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Crystal Simeoni

Head of Advocacy and Economic Justice lead, African Women’s Development and Communication Network (FEMNET)
Nationality: Kenyan/Italian
Living in: Nairobi, Kenya
Fields of work: gender, public policy, governance, macroeconomics

“Courage. It takes courage to question and challenge current macroeconomic models, especially from a Pan-African feminist analysis. Getting into spaces takes courage. Speaking truth to power takes courage. But for change to happen, we need to be audaciously courageous.”
— Crystal Simeoni

BIOGRAPHY
“In my current role, I serve as Head of Advocacy and lead on Economic Justice at FEMNET, one of Africa’s largest women’s rights networks, with over 600 members in more than 45 African countries. I lead our work to ensure that women from Africa have the capacity to articulate their issues through a Pan-African feminist macroeconomic lens and are meaningfully present in policy spaces. 

“My last role before FEMNET was as Policy Lead for the thematic area on international financial architecture at the Tax Justice Network Africa. My duties included policy and advocacy work at a Pan-African level with governments, donors and organisational members and partners on tax justice issues on the continent.

“I previously worked for Hivos - East Africa where I served as both Programme Officer and Programme Development Manager. While at Hivos, I worked in sub-national, national and regional policy and partner management across both my roles. This meant that I worked with private sector, government at all levels, journalists and researchers, as well as having a fundraising role.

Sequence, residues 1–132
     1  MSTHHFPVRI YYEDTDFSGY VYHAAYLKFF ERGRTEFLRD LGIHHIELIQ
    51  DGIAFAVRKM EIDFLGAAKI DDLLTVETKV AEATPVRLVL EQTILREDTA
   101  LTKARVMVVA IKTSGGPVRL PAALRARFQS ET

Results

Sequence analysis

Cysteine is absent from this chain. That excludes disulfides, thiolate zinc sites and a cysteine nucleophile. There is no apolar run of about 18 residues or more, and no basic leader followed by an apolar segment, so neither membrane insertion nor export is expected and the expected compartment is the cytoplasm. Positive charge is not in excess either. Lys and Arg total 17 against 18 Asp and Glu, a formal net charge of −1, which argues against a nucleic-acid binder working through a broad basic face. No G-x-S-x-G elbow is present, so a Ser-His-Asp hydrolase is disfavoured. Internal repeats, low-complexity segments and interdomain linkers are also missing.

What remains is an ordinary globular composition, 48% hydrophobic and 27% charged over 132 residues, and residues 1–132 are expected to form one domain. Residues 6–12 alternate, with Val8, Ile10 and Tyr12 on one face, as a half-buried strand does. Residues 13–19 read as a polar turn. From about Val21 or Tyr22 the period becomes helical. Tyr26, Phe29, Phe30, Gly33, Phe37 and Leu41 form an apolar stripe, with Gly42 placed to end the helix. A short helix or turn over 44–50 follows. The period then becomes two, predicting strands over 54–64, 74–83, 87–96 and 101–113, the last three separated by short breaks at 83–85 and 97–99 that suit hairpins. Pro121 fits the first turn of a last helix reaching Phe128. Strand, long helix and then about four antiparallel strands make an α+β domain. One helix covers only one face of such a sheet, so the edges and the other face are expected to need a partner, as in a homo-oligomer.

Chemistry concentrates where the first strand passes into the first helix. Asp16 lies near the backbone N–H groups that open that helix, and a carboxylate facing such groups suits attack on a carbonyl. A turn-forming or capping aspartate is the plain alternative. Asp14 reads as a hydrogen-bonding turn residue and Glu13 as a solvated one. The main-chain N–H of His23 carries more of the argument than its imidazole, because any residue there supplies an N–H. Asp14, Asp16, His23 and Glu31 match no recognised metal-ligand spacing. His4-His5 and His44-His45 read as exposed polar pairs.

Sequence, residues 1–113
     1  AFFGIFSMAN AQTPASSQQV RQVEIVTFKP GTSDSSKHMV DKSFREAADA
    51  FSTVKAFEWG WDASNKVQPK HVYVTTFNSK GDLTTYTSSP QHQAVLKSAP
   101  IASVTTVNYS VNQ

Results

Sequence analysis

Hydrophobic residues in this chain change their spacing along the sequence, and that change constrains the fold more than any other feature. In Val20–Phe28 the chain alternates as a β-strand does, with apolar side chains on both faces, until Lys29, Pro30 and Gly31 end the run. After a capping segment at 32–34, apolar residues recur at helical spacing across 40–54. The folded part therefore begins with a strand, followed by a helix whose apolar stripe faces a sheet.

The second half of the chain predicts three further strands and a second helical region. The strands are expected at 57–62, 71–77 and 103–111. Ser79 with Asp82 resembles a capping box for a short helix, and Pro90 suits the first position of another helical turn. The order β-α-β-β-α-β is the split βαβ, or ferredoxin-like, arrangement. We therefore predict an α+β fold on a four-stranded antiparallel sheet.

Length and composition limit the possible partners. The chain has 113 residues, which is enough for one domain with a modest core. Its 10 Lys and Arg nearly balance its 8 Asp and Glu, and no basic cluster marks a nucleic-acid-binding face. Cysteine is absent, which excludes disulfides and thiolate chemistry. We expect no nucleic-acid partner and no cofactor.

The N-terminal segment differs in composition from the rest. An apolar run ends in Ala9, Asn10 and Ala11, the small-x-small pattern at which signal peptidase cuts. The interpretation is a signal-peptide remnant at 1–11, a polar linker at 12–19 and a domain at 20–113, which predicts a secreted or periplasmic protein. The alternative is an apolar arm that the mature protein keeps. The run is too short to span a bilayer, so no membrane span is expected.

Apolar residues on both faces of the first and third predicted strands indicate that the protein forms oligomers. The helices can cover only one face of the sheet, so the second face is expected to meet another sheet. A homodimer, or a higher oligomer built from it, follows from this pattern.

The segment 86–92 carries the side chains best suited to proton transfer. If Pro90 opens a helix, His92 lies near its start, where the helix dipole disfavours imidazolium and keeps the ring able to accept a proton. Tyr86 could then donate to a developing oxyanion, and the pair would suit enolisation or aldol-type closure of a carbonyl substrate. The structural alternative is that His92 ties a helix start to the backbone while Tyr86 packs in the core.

“My career has revolved around themes of inequalities, including economic inequality and gender inequality, and has also involved work around data.

“I have an MA in African studies with a focus on rural economic development from Dalarna University in Sweden, and a BBA in Business Management from Centria University of Applied Sciences in Finland. I currently sit on the board of the Institute of Public Finance (IPF Kenya) and I am a member of a number of reference groups related to gender and macroeconomic policy.”
Crystal Simeoni

Twitter: @crystalsimeoni

“Fighting for Africa at a global level is hard. Fighting for women’s rights in a patriarchal world is hard. Fighting for both of them together sometimes feels impossible. Despite this, the African women’s movement is never relenting and continuously fighting — clamouring through windows when doors are closed to them, and then opening the same doors for those who come after them. So many of these brave unrelenting women have gone before me; so many I see coming after me. I am in good company — and this gives me hope.”
— Crystal Simeoni